TAMPA, Fla. -- New York Yankees outfielder Curtis Granderson suffered a fractured right forearm Sunday after being hit by a pitch in his first at-bat in a spring training game and will be out until at least the first week of May.
Granderson was hit by a 2-2 pitch from J.A. Happ and left the game in obvious pain. Originally, the injury was announced as a bruised forearm but he was taken to a local hospital for X-rays, which revealed the fracture.
The Yankees announced that Granderson will be "major league ready" in 10 weeks, or by approximately May 5.
"Obviously it's a big bump in the road," said Granderson, wearing a removable brace on his right arm. "To be down, pout, all of those things isn't going to change anything. We just continue to move forward."
It was to have been Granderson's first game in left field as the Yankees experiment with moving Brett Gardner to center field, but Granderson never got a chance to field a ball in the outfield.
Instead, he caught a fastball from Happ with two runners on and two out in the bottom of the first and was in obvious pain as he headed to first base, where he was met by manager Joe Girardi and a team trainer. Granderson was immediately removed from the game, though neither he nor Girardi initially believed the injury to be serious.
"It was just one specific spot," Granderson said. "Nothing moved up or down. No numbness. No tingling. Just that spot. Kind of felt like you hit your funny bone, but only in that spot."
But the X-ray revealed a fracture of the ulna, one of two bones that make up the forearm, a couple of inches above the right wrist.
''I was actually kind of shocked," Girardi said. "He wasn't in a lot of pain. I guess he's got a high pain threshold."
Granderson said Happ sent a message over to the Yankees clubhouse asking how he was before anyone knew he had suffered a broken arm.
"It was definitely nothing on purpose," he said. "He's trying to work and come inside, it's part of the game."
Losing Granderson means that the Yankees now lose the most potent home run bat in a lineup that already lost 94 home runs in the offseason with the departures of Nick Swisher, Russell Martin, Raul Ibanez, Andruw Jones and Eric Chavez.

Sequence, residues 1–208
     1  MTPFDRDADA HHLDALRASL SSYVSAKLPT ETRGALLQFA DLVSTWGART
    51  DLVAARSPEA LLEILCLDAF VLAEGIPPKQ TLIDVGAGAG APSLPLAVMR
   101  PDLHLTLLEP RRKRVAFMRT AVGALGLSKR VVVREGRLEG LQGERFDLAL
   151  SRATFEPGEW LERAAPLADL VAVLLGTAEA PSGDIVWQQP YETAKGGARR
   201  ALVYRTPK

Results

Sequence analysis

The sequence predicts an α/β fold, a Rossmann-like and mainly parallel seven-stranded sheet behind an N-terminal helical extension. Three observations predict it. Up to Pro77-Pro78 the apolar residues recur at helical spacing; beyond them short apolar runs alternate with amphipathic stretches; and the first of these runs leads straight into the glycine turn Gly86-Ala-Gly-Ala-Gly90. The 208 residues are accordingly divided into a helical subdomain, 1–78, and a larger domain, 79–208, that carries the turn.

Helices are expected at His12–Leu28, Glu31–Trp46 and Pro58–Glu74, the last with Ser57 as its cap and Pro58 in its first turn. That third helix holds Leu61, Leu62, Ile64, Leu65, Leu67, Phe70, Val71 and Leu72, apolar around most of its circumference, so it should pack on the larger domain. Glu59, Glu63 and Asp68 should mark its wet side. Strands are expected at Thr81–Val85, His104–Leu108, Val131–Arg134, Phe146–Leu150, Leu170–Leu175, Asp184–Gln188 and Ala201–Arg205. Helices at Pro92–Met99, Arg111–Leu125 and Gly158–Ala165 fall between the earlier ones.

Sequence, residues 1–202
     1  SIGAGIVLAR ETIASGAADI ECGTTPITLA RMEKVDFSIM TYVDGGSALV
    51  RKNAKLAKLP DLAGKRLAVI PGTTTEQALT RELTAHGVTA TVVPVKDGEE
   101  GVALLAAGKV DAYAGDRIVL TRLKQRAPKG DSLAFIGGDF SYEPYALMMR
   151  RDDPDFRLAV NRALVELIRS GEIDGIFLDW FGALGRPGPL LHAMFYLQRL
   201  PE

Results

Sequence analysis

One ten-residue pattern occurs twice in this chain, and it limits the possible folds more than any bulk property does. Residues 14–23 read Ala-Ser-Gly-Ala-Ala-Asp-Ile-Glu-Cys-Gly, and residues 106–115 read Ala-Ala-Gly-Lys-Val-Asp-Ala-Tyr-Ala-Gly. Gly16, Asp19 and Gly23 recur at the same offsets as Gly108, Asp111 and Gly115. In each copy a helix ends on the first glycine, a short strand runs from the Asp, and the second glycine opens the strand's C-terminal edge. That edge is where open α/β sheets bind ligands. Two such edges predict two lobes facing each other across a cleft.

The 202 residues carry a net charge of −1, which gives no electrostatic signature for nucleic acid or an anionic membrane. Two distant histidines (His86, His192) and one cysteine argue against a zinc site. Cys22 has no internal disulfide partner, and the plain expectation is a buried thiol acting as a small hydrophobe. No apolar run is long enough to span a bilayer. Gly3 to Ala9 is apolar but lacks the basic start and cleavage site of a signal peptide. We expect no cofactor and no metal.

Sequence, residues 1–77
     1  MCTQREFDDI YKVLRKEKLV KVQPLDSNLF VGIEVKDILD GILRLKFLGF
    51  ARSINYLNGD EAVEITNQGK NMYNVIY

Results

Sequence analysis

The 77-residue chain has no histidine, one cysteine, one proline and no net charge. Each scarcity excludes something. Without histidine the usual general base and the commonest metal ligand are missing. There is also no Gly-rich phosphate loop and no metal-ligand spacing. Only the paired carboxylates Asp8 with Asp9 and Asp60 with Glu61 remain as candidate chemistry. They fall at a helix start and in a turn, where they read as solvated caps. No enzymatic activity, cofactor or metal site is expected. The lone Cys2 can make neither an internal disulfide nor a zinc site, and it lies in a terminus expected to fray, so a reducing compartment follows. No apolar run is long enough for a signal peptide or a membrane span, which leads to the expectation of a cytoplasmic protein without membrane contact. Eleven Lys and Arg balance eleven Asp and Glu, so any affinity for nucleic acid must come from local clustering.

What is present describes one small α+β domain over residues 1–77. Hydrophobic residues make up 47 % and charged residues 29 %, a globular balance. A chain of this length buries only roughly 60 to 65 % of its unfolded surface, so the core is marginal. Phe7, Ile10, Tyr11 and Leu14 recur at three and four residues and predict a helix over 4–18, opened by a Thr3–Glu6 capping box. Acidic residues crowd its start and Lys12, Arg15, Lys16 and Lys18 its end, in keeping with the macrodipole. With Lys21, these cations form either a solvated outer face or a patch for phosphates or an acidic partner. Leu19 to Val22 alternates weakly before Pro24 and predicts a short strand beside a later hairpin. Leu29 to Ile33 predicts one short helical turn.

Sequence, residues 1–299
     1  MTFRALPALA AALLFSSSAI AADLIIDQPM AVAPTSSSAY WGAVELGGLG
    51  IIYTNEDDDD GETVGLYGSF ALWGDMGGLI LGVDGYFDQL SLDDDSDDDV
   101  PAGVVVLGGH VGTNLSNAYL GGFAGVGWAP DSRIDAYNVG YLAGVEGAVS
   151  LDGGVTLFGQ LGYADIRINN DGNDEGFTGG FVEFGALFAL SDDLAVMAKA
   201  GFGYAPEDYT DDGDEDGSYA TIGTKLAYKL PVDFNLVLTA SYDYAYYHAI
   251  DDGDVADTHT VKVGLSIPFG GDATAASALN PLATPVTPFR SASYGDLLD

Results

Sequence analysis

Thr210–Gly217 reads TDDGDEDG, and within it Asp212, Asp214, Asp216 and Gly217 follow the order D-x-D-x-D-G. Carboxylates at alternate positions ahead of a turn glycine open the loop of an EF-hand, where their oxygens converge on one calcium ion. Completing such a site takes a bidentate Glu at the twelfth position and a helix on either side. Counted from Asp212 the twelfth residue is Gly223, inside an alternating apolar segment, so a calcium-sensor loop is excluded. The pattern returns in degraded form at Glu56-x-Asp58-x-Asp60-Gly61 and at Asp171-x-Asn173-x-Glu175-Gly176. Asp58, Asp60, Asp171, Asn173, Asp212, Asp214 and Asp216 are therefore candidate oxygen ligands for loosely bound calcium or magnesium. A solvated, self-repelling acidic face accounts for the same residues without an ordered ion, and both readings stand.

Even though Granderson is only expected to miss the first five weeks of the regular season, he takes with him a bat that produced a team-high 43 home runs in 2012 and 41 home runs in 2011.
"He's not an easy hitter to replace, but we got to find a way," Girardi said. "You look at guys internally now. That's the only thing we can do."
In the offseason, the Yankees signed Matt Diaz and Juan Rivera to compete for backup outfielder roles, and early in camp the Yankees have been impressed by Zoilo Almonte, a 23-year-old who started last year in Class A ball and moved up to Double-A later in the season. Almonte homered and threw a runner out at third from right field in the preseason opener on Saturday against the Braves.
And Ronnier Mustelier, who replaced Granderson on the basepaths and played left field in his place, batted .303 with 10 home runs and 49 RBIs for the Triple-A Scranton/Wilkes-Barre Yankees last season.
"It's still very early," general manager Brian Cashman said. "We're still evaluating what we actually have in camp here. There's a short-term spot that's available because Curtis will be back in May. So the first month there's a vacancy that we need to fill. Will that be internal or external? I couldn't even tell you."
Granderson has been the Yankees starting center fielder since he was acquired from the Detroit Tigers as part of a three-way trade. He has led the Yankees in home runs the last two seasons, but his defense has come under scrutiny and, with Gardner back after missing most of last season with an elbow injury, was to be tried in left field for the first time since 2007, when he played two games there.
"That experiment's over," Cashman said.
Now, what the Yankees had been experimenting with will become the every-day reality until Granderson comes back. Girardi said Gardner will move to center while he searches for a short-term replacement for Granderson.
"I've said you never really know about the depth of your club until it's tested," Girardi said. "Well, it's going to get tested here. We're going to find out how deep we are."